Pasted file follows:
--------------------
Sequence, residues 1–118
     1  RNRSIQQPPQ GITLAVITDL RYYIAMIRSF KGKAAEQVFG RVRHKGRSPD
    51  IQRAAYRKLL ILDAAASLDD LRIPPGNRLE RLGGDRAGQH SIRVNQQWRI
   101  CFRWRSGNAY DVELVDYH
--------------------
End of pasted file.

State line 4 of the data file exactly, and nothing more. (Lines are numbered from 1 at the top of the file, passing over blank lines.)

   101  CFRWRSGNAY DVELVDYH